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  1. #11
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    Originally posted here by RoadClosed
    One of these days I am going to start posting the weekly list of linux patches. Hey gore... could have sworn there was a kernal patch out about 4 weeks ago?
    That's just not feasible.... you'd spend all your time posting regarding patches... besides watch IT sites.. .no one cares about *nix patches.... every magazine/ezine follows the MS Patches.... no one has the man power for the *nix ones..

    Ubuntu releases a couple dozen a month, the same with SuSE... that's why I always laugh at people that bash MS for their patches...
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  2. #12
    Senior Member RoadClosed's Avatar
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    SuSE has ALWAYS been that way. It's open source... people are always finding bugs. And like I said a thousand times. People were hacking Unix long before MS even had network stack.
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  3. #13
    AO BOFH: Luser Abuser BModeratorFH gore's Avatar
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    Originally posted here by RoadClosed
    One of these days I am going to start posting the weekly list of linux patches. Hey gore... could have sworn there was a kernal patch out about 4 weeks ago?
    Depends which version of Linux you use SUSE doesn't use a default Kernel, and SUSE does security audits the same way OpenBSD does. That's why Gentoo and Debian have 1 or two a day and SUSE maybe 1 a month.

    Also, UNIX based patches aren't exactly known for bringing down a network or crashing, or needing a reboot.

    HT, I'll agree with what you said about Ubuntu, but SUSE having a couple dozen a month, I can't honestly support that one bro. I'd say one or two a month, sometimes less.
    I know of one time there were two Kernel patches fairly close to each other, and the reason was that Marcuss was patching it for me because the patch and the Nvidia driver took out X (Mostly my fault for not having the Nvidia patch handy to reinstall for X, as you do have to install that one again after a Kernel update, but he rewrote a part of it for me anyway).
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  4. #14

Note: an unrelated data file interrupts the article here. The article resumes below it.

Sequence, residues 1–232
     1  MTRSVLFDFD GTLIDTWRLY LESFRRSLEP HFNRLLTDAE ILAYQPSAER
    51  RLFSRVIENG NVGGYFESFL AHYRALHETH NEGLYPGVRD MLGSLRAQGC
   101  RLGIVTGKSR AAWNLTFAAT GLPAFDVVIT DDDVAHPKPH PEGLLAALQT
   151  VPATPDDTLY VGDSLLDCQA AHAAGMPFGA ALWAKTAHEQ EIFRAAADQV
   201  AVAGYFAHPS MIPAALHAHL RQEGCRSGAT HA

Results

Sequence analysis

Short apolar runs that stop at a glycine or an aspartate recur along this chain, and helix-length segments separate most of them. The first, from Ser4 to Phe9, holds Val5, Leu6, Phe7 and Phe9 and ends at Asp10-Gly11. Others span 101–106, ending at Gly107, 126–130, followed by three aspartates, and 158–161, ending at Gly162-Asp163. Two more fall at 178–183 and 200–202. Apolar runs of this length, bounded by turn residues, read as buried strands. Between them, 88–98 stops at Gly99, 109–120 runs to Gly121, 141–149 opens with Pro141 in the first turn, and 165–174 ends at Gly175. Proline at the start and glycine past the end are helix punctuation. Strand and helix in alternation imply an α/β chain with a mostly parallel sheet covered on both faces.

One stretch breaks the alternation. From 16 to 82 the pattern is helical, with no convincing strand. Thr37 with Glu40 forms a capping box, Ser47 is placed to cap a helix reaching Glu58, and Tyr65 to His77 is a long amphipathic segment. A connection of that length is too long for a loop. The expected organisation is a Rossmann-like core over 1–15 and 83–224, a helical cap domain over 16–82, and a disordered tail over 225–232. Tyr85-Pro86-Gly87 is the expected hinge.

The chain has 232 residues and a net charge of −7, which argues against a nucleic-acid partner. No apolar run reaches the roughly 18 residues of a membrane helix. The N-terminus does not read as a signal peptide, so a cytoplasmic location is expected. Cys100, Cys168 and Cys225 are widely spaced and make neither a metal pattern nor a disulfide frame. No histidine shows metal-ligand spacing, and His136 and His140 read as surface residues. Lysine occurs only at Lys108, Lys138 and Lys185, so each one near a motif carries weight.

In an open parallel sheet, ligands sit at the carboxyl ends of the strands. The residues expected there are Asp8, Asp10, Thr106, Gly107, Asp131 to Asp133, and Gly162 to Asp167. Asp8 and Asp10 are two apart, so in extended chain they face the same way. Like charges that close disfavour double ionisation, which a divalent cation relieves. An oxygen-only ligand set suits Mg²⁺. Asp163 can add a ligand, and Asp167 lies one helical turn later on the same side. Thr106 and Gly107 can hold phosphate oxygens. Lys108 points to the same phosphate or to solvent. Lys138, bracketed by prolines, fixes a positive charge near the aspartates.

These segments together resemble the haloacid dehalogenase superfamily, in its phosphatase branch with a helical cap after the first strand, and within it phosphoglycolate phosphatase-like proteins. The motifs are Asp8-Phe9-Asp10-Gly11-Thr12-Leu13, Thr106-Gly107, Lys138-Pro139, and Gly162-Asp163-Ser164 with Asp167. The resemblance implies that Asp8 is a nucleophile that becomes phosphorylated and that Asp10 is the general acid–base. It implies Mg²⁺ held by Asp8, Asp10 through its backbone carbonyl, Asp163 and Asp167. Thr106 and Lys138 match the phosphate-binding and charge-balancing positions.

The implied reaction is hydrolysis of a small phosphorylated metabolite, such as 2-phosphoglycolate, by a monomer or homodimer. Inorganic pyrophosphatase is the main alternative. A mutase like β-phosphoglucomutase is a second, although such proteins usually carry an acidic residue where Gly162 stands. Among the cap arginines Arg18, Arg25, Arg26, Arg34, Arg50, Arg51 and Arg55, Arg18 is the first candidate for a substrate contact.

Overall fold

Senior Member RoadClosed's Avatar
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    Often there are a lot of patches for SuSE gore. But it depends on what you are running. I haven't seen an email patch for a while. Been a lot of SQL patches but you probably don't run that. Had some recent issues with Tomcat, patch related. Probably don't run that either. All security related. Linux can be full of patch issues but we are more careful to read them qand understand what they are doing. And the package managers these days help immensely.

    Tell that dude to patch the ATI cards for 64 bit.
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  5. #15
    AO BOFH: Luser Abuser BModeratorFH gore's Avatar
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    Hey RC, I can't tell him to patch an ATI driver as they really don't have much control over it. But I am on the SUSE security lists, and the SUSE lists for Novell and I know there was a patch released a few days ago, but even if I don't use the software I'm still told of new patches from those.

    I actually just finished checking some email, and I saw the usual 3 new patches today for Debian... Actually I can check, I have a back up copy of every SUSE security release in the last two years give or take a few.

    OK, since August first there have been 8 Security / Bug patches for SUSE. That's for all products.

    Libtiff, Freetype2, Clam AV, Kernel, Mozilla, 1 Kernel for SLED, ImageMagick which seems to be the new Sendmail, And Apache 2.

    Those are all the patches and fixes released for everything, the Desktop 9.3 and the Enterprise Server and SLED. So 3 products and 8 patches in 2 months isn't really so bad.